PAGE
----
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Bands that embrace the medium of the internet tend to use it as a promotional tool, a platform for developing its brand or for communicating with its audience. But I remember when I first visited radiohead.com, around the turn of the century, when the website was a frustrating labyrinth of mysterious links and cryptic critiques of modern consciousness. As a branding or promotional tool, the site was essentially useless, but Radiohead’s identity only functions as a brand in spite of itself. It’s this “in spite of itself” that begins to explain why the band’s attitude hasn’t poisoned its success.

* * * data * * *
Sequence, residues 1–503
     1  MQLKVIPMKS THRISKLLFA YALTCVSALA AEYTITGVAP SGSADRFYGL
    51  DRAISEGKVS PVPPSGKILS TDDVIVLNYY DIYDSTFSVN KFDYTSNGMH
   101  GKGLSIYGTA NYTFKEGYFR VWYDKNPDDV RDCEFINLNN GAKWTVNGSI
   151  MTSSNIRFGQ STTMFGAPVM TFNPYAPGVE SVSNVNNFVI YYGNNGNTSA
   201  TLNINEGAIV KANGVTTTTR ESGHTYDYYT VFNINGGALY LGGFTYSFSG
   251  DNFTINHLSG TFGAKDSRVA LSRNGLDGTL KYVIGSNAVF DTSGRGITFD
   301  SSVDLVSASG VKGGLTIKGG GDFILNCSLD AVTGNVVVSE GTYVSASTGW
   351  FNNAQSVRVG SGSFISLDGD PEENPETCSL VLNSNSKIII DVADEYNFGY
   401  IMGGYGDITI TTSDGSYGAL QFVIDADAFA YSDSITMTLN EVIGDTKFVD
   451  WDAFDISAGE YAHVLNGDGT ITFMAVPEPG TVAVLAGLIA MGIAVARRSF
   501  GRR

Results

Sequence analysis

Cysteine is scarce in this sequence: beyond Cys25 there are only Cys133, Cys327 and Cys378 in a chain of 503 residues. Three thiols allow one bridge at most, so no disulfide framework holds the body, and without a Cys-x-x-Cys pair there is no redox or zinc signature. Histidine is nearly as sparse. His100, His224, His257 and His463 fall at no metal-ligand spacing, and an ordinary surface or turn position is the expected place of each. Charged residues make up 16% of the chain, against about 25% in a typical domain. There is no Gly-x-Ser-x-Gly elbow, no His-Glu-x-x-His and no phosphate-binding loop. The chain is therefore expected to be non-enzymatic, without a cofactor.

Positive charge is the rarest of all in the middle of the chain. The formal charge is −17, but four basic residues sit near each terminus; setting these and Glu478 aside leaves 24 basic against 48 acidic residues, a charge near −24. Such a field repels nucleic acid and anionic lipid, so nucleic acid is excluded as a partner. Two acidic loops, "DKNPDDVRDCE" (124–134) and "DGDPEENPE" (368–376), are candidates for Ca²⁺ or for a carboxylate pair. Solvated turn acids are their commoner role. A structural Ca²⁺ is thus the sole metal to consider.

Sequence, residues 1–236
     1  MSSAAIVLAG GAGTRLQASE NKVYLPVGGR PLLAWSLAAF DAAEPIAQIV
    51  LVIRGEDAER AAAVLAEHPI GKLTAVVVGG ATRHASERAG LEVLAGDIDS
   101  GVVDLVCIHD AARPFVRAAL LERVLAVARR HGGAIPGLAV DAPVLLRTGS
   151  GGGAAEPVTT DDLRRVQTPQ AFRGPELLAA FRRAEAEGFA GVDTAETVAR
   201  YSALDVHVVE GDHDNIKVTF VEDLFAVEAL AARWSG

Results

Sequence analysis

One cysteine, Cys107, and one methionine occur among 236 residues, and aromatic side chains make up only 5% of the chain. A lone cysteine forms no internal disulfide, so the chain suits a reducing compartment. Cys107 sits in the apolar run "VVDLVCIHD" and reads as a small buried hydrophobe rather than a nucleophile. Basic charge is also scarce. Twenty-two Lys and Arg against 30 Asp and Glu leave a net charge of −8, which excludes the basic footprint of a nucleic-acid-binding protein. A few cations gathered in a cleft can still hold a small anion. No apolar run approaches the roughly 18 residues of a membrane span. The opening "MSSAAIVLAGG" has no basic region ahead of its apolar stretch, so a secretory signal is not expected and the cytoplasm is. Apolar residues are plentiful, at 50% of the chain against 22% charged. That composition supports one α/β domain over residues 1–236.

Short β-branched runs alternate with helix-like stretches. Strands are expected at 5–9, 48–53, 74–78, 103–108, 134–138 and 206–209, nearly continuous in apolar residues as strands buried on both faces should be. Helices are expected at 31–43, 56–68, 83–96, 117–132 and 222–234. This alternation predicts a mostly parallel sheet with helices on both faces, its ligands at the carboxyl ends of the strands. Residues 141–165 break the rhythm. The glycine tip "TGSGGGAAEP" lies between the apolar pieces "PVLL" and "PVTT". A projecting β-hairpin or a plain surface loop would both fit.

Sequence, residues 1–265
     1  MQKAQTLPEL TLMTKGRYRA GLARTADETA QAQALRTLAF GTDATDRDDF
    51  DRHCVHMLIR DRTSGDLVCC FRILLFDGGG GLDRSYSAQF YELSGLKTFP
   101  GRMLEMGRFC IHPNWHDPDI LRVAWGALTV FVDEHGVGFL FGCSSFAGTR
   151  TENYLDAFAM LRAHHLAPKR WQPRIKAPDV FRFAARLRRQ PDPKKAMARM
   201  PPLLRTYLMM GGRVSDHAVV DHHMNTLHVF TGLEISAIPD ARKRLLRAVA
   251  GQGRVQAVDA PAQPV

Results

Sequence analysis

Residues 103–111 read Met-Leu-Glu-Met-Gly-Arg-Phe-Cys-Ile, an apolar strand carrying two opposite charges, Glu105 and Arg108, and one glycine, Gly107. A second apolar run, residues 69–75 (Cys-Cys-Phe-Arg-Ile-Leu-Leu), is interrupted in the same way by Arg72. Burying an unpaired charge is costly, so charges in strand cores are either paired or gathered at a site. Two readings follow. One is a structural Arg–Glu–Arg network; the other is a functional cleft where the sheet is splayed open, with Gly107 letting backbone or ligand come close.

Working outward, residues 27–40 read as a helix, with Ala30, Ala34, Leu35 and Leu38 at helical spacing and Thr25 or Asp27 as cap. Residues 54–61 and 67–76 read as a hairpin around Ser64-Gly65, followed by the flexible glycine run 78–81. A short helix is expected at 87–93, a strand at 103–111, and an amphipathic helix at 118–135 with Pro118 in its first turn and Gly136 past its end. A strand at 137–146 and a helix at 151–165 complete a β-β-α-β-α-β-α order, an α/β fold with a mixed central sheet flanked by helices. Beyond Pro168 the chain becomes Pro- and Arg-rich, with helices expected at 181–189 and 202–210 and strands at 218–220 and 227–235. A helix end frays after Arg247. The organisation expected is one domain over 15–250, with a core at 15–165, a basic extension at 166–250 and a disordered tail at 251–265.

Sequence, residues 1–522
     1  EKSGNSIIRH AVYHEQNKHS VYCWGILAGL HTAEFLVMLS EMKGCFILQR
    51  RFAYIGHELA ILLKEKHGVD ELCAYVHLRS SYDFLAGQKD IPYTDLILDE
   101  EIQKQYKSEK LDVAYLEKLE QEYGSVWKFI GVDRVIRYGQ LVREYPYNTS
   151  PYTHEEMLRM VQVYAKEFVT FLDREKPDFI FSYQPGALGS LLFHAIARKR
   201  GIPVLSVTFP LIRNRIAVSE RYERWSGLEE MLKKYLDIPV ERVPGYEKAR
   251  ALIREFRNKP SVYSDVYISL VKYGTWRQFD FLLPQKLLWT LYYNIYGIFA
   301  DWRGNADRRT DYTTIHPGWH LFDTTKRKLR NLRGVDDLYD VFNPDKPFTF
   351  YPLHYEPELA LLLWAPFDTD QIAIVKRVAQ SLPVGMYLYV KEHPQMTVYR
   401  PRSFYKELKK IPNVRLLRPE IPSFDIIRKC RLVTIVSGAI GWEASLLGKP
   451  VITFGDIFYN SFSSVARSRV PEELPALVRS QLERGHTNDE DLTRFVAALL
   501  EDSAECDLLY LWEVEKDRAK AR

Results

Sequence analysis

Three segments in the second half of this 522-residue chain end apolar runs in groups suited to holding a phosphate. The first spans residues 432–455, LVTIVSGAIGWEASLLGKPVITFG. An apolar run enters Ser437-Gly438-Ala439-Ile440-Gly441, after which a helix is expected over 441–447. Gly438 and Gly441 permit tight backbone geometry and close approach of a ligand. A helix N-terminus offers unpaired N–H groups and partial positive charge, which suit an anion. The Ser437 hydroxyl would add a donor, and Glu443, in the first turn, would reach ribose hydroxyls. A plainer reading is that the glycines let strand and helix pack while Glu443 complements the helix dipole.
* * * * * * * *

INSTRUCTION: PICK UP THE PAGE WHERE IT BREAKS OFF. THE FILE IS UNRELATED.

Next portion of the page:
Radiohead are constantly in the process of defining and redefining what it means to make great albums, to refine a sonic aesthetic, to carve beauty out of elements and ideas that have real weight. But throughout this process of definition, the band constantly struggles against being defined, not only by categories and systems that have nothing to do with its work, but also by the characteristics that the work itself has brought into being. It is a strange, advanced sort of perfectionism, a persistent dissatisfaction with existence that expresses itself more strongly in The King of Limbs than it has in any of their work in years.